Prostate cancer is the second leading cause of cancer deaths in American men, just behind lung cancer. While prostate cancer is a serious disease by any measure, most men diagnosed with it will survive it (98% overall 5-year survival). But in many cases, therapy for prostate cancer will be needed and surgical or radiation treatments are largely sterilizing from a fertility point of view.

You may ask, if prostate cancer occurs mainly in older men, why is fertility even an issue? Well, for me there are two good reasons: The first is that more younger men are being diagnosed with prostate cancer, and the second is that American men are now postponing fatherhood as they never have before. Worldwide, the incidence of prostate cancer has steadily increased in men ages 15 to 40 years at about 2% per year for the last 30 years. To boot, younger patients with prostate cancer frequently have more advanced cancers, need more therapy, and have worse outcomes than older men. It appears that these earlier prostate cancers are more likely to be hereditary in nature and are associated with mutations in BReast CAncer gene 2 (BRCA-2), long associated with breast cancer. Add to this the fact that over the last 50 years, births to fathers aged 40 years or older have doubled, currently accounting for 10% of all births, and you might see what I am seeing: a potentially rockier road to fatherhood.

Thinking Ahead

If you really like to plan ahead, then one great way to protect your future fertility is to consider banking your sperm before there’s a threat to your health. This is a solution for all occasions and all cancers and is a tried-and-true method of fertility preservation that has been around for over 50 years. What’s new is that now it can be done not only at traditional brick and mortar sperm banks but also using mail-in “online” sperm banks. Alternatively, in situations in which low-grade prostate cancer can be “followed” with active surveillance and not directly “treated” up front, fertility can often be preserved, and family building pursued. Whether or not your prostate cancer can be safely followed involves having important discussions with your urologist and requires due diligence in tracking it on your part.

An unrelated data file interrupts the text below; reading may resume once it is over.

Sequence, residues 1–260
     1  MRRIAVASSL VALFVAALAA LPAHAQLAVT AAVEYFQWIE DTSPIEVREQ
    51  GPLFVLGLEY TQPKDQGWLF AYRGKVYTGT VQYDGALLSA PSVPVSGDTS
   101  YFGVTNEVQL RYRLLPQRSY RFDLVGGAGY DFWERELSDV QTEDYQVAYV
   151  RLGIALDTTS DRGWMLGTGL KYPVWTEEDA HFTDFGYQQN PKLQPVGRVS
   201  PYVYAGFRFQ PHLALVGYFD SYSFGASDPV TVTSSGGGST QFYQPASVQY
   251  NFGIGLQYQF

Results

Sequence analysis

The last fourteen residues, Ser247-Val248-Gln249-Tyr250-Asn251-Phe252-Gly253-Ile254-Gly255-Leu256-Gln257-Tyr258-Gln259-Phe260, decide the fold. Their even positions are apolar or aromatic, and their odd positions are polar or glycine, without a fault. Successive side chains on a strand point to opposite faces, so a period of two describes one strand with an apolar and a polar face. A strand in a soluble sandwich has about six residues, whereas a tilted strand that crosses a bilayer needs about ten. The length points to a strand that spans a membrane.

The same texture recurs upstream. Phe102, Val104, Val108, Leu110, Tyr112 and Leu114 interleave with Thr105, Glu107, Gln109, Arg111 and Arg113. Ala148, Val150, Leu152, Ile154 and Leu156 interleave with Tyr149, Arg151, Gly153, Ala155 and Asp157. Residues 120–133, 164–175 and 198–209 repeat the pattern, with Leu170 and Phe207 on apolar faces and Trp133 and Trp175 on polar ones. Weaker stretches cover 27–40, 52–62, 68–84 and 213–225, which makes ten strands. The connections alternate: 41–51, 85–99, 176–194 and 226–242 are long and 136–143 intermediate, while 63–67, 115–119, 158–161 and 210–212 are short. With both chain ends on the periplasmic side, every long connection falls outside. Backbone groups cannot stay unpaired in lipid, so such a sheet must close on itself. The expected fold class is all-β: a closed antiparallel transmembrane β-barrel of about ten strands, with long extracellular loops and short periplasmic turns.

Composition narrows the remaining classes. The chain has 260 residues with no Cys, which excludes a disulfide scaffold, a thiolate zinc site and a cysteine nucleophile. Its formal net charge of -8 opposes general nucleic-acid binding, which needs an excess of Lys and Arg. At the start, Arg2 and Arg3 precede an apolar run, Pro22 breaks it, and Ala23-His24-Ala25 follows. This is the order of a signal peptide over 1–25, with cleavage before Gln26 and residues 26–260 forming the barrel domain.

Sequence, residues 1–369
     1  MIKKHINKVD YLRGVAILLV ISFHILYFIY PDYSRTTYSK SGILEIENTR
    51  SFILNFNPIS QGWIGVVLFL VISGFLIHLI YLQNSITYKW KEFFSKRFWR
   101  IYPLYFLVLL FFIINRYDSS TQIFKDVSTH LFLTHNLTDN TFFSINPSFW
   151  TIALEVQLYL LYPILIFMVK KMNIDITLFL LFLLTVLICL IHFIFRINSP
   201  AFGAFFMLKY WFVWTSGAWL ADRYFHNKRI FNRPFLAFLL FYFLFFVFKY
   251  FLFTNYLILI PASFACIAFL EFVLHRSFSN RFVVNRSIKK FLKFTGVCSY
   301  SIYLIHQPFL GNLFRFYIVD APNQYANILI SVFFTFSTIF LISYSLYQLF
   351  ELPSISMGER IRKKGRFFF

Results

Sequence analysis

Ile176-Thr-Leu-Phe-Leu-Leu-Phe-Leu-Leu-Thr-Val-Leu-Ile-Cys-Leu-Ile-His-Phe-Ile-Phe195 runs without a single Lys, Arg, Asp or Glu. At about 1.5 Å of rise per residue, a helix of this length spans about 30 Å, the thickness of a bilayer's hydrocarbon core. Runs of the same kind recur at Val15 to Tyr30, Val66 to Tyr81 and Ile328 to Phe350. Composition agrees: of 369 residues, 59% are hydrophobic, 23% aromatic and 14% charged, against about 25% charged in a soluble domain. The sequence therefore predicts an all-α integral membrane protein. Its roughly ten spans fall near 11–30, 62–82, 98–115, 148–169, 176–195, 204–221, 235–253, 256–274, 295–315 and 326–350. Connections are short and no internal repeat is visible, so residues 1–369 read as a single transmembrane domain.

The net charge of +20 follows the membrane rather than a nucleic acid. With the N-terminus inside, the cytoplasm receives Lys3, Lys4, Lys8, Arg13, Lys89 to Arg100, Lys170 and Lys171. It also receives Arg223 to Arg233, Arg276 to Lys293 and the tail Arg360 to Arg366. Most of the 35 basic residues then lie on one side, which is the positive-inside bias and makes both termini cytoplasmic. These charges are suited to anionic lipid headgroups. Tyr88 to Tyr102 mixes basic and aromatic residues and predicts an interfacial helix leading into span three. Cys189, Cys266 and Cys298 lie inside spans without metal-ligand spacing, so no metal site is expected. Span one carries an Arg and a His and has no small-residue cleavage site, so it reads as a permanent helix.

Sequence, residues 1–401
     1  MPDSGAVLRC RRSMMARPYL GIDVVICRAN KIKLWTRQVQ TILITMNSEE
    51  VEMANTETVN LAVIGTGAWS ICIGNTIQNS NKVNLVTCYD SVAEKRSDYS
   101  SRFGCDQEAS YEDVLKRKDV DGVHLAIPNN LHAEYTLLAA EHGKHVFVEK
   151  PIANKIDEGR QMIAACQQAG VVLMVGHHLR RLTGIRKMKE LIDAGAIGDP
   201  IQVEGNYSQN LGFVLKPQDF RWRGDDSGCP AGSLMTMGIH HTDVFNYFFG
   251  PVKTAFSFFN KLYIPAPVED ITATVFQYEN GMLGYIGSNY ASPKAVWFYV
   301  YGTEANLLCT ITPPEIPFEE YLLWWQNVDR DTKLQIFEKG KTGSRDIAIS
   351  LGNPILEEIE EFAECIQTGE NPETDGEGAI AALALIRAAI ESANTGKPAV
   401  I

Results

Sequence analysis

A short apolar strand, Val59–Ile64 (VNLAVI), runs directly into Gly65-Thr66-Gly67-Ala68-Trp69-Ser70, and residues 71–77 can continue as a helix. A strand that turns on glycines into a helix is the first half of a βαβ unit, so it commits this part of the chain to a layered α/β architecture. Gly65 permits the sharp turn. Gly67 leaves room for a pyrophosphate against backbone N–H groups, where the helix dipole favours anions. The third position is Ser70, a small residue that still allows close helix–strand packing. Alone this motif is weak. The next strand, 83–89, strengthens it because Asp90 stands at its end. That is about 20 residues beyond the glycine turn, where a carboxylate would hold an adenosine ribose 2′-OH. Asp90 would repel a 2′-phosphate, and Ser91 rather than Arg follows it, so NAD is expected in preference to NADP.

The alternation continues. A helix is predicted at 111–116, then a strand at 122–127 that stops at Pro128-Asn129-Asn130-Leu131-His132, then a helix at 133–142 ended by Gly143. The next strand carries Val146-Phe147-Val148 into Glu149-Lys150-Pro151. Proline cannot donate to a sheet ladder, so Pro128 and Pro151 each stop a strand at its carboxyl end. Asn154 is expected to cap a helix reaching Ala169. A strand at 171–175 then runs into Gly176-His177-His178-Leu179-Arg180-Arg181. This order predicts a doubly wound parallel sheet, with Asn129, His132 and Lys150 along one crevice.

Thinking Later

If the cancer requires treatment that involves removal of the prostate, receiving radiation or hormonal therapy, then infertility is the rule. Fertility-wise, surgical removal of the prostate is akin to having a vasectomy: sperm is still made in the usual numbers but the outflow into the ejaculate is blocked. In these situations, fairly simple sperm aspiration or retrieval procedures are effective but require assisted reproduction (IVF-ICSI) for success. External beam radiation therapy to the prostate does not block sperm outflow but can impair sperm production through the scattering of X-rays into the nearby testicles which are very sensitive to ionizing radiation. In this case, procedures such as sperm mapping can locate small, residual pockets of testicular sperm and enable men to undergo sperm aspiration or retrieval procedures along with IVF-ICSI to become fathers. Internal radiation given by brachytherapy is far less toxic to sperm production and can allow for relatively normal fertility following treatment. This may also be true of other more “focal” (as opposed to whole gland) treatments for prostate cancer such as high-frequency ultrasound (HiFU) or cryotherapy (freezing).

Androgen ablation or testosterone reducing hormonal treatments for prostate cancer generally and globally “turn off” sperm production completely while they are taken. However, if given intermittently or for a limited time (say less than 3 years) there is a chance that some sperm production may resume once hormones have been discontinued, making fatherhood possible.

It’s heartwarming to know that fertility is achievable in the vast majority of men with prostate cancer. This is certainly true before treatments are given and still true afterwards as well. As the old proverb goes: Difficult roads often lead to beautiful destinations.

Photo by Tara Winstead

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